Of all the Thanksgiving traditions—the turkey, the family gatherings, the football games—perhaps the warmest for me is taking in strays: welcoming people to the Thanksgiving table who don’t have family nearby, or don’t ordinarily celebrate the holiday.
For most of us, Thanksgiving is just part of what it means to be American. But for visitors and immigrants to the United States, it’s all unfamiliar. Many experience it for the first time as international students who don't make the trip home for such a short break. Instead, they join locally-based friends or professors for the meal.
Susanne van Eyl, a translator from northern Germany, attended her first Thanksgiving as a college student in the 1980s. “I thought the food lovely, though a bit weird,” she recalls. “Germans find the concept of eating sweet and salty things together odd,” she says. “Sweet potatoes with marshmallows and cranberry gelatin weren’t things I was used to.” Today she lives in Houston, Texas, and is used to such combinations, “but my siblings would not touch such a meal!”
Nagesh Rao, who came to the US to earn his Ph.D. in literature, was also surprised by his first Thanksgiving dinner with his host family in Syracuse, New York. Unfamiliar with the holiday, he found the formality of the meal awkward. He was 23 and had recently arrived from Bangalore, India, where he was accustomed to spicy, flavorful food; in the first few years, he used his palate to win bets with his pool buddies about how many “atomic” hot wings he could eat. His hosts’ turkey and mashed potatoes, by contrast, seemed impossibly bland: he recalls being “absolutely stunned by how unappetizing I found the food!”
Gagan Singh, a systems engineer, came to the US with his family as a child from New Delhi, India. His family settled in New Jersey, and his aunt occasionally made a US-style Thanksgiving dinner. The mixture of sweet and savory didn’t bother him: “I didn’t like the turkey, but I liked sweet potato and cranberry sauce.” In college, he went home with a friend from Monroeville, Pennsylvania, and had what he calls “the best ham I’ve ever had.”
Raj Patel, a philosophy Ph.D. candidate at the University of Pennsylvania, was raised in the UK by British-Indian parents. He was a 21-year-old student when he attended his first Thanksgiving dinner with his then-girlfriend in the Foggy Bottom neighborhood of Washington, D.C. As a vegetarian, he was concerned that there wouldn't be much for him to eat: "I didn't know that the turkey was just one part of the meal!" What stood out for Patel was dessert: "I was shocked at how many pies there were given the amount of people. They were all lined up across the table, and people formed a line, taking bits of different pies. I still remember the pecan pie—it was delicious." He was also surprised to hear that it was traditional for Thanksgiving guests to "eat till they get quite full so they feel sleepy and just kind of pass out. I thought that was odd."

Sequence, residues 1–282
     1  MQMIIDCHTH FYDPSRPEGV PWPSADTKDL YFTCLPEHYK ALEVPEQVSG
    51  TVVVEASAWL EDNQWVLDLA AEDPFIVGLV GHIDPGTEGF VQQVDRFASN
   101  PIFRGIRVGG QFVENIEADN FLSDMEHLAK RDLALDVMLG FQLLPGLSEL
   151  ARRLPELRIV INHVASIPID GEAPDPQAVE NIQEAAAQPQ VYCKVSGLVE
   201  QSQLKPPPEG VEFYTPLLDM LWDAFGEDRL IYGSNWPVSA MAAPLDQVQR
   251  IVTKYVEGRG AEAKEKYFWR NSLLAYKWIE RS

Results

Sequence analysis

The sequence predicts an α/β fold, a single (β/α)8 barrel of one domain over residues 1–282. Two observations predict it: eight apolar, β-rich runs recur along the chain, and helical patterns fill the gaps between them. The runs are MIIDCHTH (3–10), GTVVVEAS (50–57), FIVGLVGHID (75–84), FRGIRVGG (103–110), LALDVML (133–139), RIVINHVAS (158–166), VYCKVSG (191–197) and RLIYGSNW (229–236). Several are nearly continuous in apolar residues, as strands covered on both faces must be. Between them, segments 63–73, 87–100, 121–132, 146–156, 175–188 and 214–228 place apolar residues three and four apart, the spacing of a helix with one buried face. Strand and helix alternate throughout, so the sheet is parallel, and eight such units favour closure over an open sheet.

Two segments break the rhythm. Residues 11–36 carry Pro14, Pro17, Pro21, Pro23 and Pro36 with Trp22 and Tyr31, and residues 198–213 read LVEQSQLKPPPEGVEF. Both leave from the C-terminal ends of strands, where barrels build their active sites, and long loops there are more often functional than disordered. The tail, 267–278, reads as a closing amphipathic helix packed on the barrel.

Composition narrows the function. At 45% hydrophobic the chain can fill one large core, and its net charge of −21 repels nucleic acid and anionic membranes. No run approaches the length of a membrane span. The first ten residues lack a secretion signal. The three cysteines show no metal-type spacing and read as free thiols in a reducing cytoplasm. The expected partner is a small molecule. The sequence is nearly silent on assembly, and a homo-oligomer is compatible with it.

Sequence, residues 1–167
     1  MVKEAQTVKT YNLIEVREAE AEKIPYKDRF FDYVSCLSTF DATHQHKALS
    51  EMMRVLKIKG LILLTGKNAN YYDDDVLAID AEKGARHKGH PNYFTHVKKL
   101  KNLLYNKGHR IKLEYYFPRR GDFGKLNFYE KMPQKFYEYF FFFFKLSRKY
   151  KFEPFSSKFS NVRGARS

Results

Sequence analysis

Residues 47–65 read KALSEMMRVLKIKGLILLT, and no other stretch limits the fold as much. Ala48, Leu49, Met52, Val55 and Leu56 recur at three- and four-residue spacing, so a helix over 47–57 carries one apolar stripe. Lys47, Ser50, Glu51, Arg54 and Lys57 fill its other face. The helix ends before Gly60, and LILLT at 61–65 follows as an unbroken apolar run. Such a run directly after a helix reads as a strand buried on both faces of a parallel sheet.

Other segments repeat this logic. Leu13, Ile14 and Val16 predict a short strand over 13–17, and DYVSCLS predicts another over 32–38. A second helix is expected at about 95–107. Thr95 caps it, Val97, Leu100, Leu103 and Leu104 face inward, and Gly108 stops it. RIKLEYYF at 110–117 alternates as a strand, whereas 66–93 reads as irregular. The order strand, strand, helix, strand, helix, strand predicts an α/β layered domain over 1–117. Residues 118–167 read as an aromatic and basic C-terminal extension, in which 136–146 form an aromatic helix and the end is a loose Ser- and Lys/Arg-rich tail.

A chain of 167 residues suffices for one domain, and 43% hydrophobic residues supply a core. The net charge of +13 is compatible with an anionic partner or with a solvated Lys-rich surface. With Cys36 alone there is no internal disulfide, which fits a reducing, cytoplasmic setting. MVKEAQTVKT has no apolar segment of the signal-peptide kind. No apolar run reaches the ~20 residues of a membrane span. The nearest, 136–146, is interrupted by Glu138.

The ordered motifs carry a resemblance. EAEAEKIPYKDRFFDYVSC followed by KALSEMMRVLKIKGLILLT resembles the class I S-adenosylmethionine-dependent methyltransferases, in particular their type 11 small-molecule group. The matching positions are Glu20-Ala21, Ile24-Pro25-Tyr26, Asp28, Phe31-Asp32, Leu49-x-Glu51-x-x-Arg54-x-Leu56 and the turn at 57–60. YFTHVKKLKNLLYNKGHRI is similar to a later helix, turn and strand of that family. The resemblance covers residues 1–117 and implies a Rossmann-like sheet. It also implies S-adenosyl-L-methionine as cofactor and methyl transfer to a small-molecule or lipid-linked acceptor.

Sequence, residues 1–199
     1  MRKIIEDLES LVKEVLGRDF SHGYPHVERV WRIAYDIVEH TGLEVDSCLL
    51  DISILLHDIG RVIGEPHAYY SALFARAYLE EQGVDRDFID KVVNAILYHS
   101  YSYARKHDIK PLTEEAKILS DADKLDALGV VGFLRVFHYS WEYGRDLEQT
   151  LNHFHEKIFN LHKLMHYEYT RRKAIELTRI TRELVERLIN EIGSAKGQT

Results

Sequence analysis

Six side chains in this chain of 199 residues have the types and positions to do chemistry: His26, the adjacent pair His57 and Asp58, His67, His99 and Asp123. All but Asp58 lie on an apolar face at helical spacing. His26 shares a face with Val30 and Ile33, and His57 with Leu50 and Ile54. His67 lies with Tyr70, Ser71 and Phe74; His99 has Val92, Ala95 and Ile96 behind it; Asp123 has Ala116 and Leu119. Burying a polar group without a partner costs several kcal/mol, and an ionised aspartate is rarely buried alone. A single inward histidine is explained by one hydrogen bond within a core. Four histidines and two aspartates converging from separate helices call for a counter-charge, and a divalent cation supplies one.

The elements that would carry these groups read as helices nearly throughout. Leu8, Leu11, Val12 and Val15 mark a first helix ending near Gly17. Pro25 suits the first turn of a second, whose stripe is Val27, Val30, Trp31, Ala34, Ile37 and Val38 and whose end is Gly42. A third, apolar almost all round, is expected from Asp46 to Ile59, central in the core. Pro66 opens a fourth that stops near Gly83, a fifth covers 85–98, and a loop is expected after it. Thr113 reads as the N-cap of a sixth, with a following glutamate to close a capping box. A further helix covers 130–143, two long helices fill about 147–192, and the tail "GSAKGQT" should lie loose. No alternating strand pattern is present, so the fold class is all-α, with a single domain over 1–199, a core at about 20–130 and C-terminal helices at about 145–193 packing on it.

For editor Susanna Sturgis, “taking in strays” was part of the joy of growing up in Cambridge, Massachusetts. In the 1970s, her grandmother was “very involved as a volunteer with the international student scene,” so grad students from Kenya, Korea, Egypt, Iran, and other places often joined the family for Thanksgiving and other holiday meals. Sturgis credits their wide-ranging dinner-table conversations with helping to spark her interest in politics and foreign affairs as a child. “Looking back,” she says, “I’m amazed at how seriously these very smart guys took me and all my questions.”
Edward Lee, a doctor from Pittsburgh, has similar memories—he grew up in State College, Pennsylvania, where his parents, immigrants from South Korea, often brought graduate students from Penn State’s electrical engineering department home for the holiday meal, mostly international students from Korea and China. In addition to conventional Thanksgiving sides, he recalls that they always served “a bowl of plain white rice and kimchee with the turkey”—a taste of home for some guests, though Lee’s personal favorite was the cranberry-orange relish.
For me, taking in strays is more than a way to extend hospitality—it's a chance to gain an outside perspective, embracing new traditions while expanding the old ones. Go ahead and try it—you might be amazed by how much it enriches your Thanksgiving meal.
My menu changes year to year, but one constant is this simple side of sweet potatoes with sage and browned butter. It's nutty and caramelized, not sickly sweet, and the generous helping of toasty browned butter gets an oh-so-Thanksgiving touch thanks to the sage. Most importantly, it gets the table talking, family and stray guests alike.
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